A $60 Excursion

It was one of those days where the Jman and I simply felt like doing something…out of the ordinary. We’d just finished a quick round of shopping at Djones and didn’t quite feel like heading home. So where we headed to next? Costco.

I’ve said before that I’d never pay for a $60 membership because it wouldn’t justify the cost savings for a 2-person household. That theory still holds true (seeing how the only food item we came out of the store with was a 1.6L bottle of Kikkoman, which, to its credit, cost the same as a 800ml version at Woolworths, but why the hell do we need 1.6L of soy sauce unless we were headed for liver failure?). But ah, how we ALWAYS stab ourselves in the foot – never say never! We spent a good part of the journey there justifying paying $60. Here were our reasons:

1. It’s like paying to go watch a movie (a movie for the both of us would cost $30 once off; this would provide us supermarket entertainment for a whole year!)
2. It’s like paying to go to the Royal Melbourne Show
3. We’d (unfortunately) sacrifice our weekly dinner date (no fine dining for the rest of the month, but I guess this was a cheaper form of entertainment)
4. We could possibly share the grocery bill with our friends. After all, they only sell things in “Ginormous” sizes.

So having justified our $60 membership/entry fee into Costco, we finally set foot into the no-queue, not-so-crowded warehouse-the-size-of-Brunswick. As expected, everything was massive. BIG. GIANT. GARGANTUAN. Nothing there was small! Most of the items in there weren’t fantastically cheap, though I did spy some good finds that would come in handy at a later stage. What impressed me most, however, was the quality of their furniture. It certainly wasn’t Ikea-priced, but damn it was solid as gold. None of that cheap plywood crap, but good, solid American (or probably from China) timber furniture at reasonable prices (at least for what you get) – something that is sorely missing from the Australian industries.

Fresh produce was comparable to market prices, so I don’t foresee myself doing my weekly grocery shopping there unless I need a 6kg piece of eye fillet or a 2kg wheel of Jindi brie. I’m still partial to my local green grocer and the folks at the farmers’ markets. We did get a 1kg bag of huuuuge American scallops, of which we had 2 pieces each for dinner later on but that was enough to tip me over. I love scallops, but this one was just HUGE.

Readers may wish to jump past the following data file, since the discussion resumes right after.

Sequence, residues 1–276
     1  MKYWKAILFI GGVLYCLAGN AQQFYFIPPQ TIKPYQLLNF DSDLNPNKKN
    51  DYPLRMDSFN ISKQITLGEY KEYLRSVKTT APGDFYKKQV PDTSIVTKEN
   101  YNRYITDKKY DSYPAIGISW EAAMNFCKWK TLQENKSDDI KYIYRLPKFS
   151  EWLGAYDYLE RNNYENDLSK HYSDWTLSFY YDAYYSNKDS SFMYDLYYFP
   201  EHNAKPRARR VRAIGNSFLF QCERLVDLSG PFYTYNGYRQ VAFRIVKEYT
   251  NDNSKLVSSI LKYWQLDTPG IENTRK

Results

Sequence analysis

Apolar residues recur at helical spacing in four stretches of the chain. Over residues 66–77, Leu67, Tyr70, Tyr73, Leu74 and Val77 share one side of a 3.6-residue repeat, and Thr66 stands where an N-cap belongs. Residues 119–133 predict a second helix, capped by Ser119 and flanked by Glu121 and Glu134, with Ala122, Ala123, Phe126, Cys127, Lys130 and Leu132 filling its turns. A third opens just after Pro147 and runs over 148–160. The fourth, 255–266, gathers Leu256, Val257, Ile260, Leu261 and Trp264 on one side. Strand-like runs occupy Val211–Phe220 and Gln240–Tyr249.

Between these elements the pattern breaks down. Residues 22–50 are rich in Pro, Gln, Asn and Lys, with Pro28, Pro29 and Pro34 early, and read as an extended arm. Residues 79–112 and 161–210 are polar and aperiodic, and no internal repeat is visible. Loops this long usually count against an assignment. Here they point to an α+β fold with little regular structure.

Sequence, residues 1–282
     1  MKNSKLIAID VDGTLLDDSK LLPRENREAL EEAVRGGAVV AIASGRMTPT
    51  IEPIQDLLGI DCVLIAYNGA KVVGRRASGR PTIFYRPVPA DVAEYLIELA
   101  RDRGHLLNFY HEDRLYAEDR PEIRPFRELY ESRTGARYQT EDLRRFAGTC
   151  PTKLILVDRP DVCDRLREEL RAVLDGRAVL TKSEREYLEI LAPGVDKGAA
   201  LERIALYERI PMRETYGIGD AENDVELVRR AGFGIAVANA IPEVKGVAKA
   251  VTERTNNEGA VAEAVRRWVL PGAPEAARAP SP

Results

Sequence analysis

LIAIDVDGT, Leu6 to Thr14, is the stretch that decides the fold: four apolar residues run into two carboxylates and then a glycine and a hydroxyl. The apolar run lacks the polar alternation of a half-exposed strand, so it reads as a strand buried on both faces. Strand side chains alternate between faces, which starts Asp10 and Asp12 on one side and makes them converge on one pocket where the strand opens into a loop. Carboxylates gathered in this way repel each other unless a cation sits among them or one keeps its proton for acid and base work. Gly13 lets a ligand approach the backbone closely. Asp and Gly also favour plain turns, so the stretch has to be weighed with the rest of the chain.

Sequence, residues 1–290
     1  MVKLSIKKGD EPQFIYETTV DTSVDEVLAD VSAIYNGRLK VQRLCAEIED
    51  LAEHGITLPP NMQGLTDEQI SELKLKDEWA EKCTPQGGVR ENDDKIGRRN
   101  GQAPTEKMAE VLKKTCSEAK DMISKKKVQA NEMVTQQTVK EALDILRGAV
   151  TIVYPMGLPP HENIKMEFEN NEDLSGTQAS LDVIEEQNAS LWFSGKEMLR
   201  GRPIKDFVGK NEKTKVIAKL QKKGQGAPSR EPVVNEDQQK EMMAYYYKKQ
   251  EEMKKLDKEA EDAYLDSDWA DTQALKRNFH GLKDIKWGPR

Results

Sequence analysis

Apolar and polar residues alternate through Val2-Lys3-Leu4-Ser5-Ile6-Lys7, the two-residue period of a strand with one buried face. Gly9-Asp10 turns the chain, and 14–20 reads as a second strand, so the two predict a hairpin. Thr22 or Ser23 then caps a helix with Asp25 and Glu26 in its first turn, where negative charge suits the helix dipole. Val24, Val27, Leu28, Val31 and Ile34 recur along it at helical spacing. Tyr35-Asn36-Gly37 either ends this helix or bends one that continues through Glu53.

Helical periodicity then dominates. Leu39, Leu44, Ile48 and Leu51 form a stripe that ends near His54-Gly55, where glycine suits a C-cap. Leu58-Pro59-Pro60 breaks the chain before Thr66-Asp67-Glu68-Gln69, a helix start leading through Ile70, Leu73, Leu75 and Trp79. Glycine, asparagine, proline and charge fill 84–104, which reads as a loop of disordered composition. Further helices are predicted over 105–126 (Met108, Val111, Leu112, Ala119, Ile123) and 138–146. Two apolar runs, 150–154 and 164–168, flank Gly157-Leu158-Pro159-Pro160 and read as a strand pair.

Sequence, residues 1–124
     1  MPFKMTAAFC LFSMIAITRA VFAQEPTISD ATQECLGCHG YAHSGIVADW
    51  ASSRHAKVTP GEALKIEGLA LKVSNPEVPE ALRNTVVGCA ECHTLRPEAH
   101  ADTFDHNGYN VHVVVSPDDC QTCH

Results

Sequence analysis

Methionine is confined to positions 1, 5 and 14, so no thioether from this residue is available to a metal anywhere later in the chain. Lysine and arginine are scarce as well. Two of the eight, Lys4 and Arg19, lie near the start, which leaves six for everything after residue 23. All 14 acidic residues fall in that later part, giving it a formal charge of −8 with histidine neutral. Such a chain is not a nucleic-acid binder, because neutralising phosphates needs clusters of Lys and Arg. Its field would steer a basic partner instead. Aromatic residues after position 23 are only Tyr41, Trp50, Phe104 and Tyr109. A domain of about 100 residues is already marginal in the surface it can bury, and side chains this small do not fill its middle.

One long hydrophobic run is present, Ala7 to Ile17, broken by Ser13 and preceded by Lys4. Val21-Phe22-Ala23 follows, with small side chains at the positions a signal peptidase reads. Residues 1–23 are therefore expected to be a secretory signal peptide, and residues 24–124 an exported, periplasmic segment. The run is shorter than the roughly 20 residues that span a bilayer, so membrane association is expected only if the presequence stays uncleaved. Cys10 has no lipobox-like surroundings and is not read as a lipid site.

I also picked up a pair of baby Crocs for my nephew, the husband got himself a really neat jacket, and I came THIS close to buying the $139 Mavi (Citizens of Humanity!!!) jeans, except that I didn’t because I couldn’t justify spending on something I didn’t need. I spent half the time arguing against the whole ethos of overbuying household items and how the principle of bulk sales and abundance would only encourage obesity and wastage in a city that was just learning to eat organic, eat local and to eat good. After all, who needs 50 rolls of toilet paper at any one time, and why would any normal 4-5 person household need a 2-3kg mud cake or 9 massive muffins? Why should we be drinking 30 cans of Coke or eating a 6kg slab of meat? If things could be this cheap, then surely it would have to boil down to either of these:

A. They are using very very cheap ingredients
B. Some poor farmer is being massively ripped off somewhere

So as much as I had finally piqued my curiosity and had a huge supermarket fix, I walked away feeling a little disturbed. I liked Costco for its spaciousness and it certainly kept us entertained for 3 hours (and oh the parking is so expensive once you over stay your 2 free hours!), but I do wonder if this will produce an obese society in the next 10 years and an American culture of bigger-is-better. I joked to the husband that we’d soon see more bigger cars on the road so that people can fit more bulky items in their cars, but come to think of it, that might not be too far from the truth.

My lesson-of-the-day for all of you out there is this: EAT LOCAL. EAT SMALL. EAT WELL. EAT FRESH.


Leave a Reply

Fill in your details below or click an icon to log in:

WordPress.com Logo

You are commenting using your WordPress.com account. Log Out /  Change )

Google+ photo

You are commenting using your Google+ account. Log Out /  Change )

Twitter picture

You are commenting using your Twitter account. Log Out /  Change )

Facebook photo

You are commenting using your Facebook account. Log Out /  Change )


Connecting to %s

%d bloggers like this: